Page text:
Organize Your Baking Cupboard… For Less Than Five Bucks!

First post at our new place! The move went surprisingly smoothly (other than the considerable goose egg I managed to give myself while cleaning) and our lovely friends got us moved in in half a day! We’re still unpacking the last few things, but it’s coming together.

One of the most common challenges renters face in an apartment is storage space, especially in the kitchen. We have a mini kitchen (6 by 7 feet), with a mini fridge, a mini stove, and happily, a mini dishwasher. Like many rental buildings, our unit also has the cheapest building options, like basic cabinets instead of functional drawers, which makes storing my ever increasing pile of stuff even trickier.

I needed to make the most of the cupboards I have, but I wanted it to be transportable, quick to set up, and budget-friendly, so fancy installed organizers and attractive uniform jars were out. I’ll be honest and say that my solution for my baking supplies may not be all that pretty, but is hardly dents my (much more important) decorating budget!

I started out with a small, basic, one shelf cupboard.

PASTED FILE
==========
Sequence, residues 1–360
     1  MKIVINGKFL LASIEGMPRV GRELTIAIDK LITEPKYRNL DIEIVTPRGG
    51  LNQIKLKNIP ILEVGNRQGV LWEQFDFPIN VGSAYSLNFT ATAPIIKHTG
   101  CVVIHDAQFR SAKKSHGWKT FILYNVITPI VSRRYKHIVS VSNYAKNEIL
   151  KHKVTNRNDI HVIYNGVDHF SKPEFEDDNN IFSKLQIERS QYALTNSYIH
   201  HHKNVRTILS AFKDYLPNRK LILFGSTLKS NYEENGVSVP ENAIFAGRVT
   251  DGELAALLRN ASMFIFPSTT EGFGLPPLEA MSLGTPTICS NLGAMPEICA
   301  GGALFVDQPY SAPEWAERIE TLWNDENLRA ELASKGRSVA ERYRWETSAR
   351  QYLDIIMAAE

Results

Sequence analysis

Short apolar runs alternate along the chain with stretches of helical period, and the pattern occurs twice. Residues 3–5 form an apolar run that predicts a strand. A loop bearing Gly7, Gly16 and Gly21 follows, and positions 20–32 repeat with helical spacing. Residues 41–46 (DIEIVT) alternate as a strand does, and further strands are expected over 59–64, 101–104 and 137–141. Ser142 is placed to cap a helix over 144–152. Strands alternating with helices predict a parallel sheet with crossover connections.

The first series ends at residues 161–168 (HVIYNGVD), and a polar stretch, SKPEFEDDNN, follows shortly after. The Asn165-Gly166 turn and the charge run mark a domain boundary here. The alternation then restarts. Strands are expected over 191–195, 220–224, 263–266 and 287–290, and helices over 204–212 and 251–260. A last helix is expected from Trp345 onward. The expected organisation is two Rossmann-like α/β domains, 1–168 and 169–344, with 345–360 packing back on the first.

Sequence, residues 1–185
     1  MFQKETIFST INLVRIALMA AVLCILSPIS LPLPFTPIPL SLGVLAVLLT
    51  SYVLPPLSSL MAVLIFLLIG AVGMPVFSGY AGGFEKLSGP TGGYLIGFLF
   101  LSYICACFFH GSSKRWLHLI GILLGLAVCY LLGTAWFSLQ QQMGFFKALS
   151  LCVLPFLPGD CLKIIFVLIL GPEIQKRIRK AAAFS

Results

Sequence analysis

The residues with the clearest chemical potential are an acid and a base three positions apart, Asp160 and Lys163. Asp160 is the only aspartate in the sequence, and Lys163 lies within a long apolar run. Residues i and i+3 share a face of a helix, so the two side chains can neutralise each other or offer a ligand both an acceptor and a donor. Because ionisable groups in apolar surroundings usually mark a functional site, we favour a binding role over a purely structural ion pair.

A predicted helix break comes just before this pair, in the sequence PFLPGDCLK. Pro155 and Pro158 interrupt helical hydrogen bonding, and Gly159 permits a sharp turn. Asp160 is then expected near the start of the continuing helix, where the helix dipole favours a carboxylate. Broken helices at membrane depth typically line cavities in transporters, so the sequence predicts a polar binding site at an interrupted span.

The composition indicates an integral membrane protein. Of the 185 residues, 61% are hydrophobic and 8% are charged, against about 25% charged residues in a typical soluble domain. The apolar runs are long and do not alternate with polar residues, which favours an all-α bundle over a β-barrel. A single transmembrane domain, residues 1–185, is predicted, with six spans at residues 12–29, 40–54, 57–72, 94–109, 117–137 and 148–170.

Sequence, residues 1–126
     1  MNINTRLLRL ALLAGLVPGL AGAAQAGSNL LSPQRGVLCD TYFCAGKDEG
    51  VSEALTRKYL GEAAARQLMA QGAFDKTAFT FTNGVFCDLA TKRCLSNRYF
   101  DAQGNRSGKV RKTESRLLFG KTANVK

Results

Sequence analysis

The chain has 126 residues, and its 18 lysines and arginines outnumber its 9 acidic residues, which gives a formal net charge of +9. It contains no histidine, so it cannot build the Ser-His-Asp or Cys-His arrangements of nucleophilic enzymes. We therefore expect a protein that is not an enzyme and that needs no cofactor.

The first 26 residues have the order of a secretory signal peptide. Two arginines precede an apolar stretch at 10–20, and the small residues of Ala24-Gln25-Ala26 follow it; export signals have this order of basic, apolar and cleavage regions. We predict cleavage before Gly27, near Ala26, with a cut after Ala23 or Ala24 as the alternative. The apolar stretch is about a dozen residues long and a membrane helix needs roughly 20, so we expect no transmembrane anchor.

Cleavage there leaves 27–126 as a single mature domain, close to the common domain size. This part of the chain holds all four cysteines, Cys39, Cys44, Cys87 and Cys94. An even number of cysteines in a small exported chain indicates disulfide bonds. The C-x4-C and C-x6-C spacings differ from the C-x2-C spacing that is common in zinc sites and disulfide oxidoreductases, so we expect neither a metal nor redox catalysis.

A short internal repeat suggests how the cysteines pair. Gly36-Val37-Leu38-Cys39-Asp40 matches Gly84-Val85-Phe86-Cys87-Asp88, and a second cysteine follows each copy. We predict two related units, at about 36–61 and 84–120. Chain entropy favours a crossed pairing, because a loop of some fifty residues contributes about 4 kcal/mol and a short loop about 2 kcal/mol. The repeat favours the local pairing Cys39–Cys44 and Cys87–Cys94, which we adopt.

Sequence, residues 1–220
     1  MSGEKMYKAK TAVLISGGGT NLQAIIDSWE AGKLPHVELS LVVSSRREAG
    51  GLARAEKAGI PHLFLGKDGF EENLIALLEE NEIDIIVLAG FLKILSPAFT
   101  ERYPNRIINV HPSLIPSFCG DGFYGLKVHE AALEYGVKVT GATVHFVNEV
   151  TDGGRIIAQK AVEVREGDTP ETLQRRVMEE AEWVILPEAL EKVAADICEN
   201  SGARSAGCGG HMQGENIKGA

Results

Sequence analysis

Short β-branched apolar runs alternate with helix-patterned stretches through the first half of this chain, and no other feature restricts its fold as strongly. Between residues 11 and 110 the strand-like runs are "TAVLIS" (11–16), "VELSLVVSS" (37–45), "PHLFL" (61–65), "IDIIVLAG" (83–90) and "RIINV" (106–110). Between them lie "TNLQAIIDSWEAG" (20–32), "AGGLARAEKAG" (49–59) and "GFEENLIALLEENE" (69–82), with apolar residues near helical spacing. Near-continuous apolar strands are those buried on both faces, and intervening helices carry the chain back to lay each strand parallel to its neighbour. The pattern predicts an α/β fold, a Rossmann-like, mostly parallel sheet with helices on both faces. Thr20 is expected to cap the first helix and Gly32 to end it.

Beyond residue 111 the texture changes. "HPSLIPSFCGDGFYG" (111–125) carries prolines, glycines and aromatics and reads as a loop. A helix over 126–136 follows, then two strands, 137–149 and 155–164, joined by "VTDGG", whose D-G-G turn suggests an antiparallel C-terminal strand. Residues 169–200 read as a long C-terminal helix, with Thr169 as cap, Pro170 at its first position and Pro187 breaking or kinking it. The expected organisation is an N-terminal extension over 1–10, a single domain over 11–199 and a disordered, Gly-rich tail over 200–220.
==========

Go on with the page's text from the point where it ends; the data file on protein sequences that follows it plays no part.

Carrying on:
Baking Cupboard

I can just see chocolate chips and baking powder getting stale in the black hole that is this cupboard, not to mention piles of sugar piled into heaps, ready to spill at any moment…

To make it more functional, I used two basic containers from Walmart (they came in a pack of five for five dollars, so super cheap!) as well as a few extra ziplock containers I had lying around. (Literally. I was unpacking and stuff was surrounding me on the floor…)

baking cupboard

Other than my measuring cups, everything is corralled on either a lid or in a container. I have a tray for baking chocolate (I realized I have quite the collection once it was all organized!), a tray for my bulk food, a tray for my oats, bran and cake mix as well as two large containers with sugars and frequently used ingredients. Instead of digging around trying to reach for something specific, I can simply pull out a tray or container like a drawer.

baking cupboard

baking cupboard

Not only is it temporary, I can also move trays around like a rubik’s cube to easily reach the food in the back.

baking cupboard

Baking cupboard

I put all my bulk ingredients in clear ziplock containers so I could easily see how much I have left of each. Now they’re also sealed, (as opposed to loosely held in plastic bags like they were before) and make much better use of the vertical space.

baking cupboard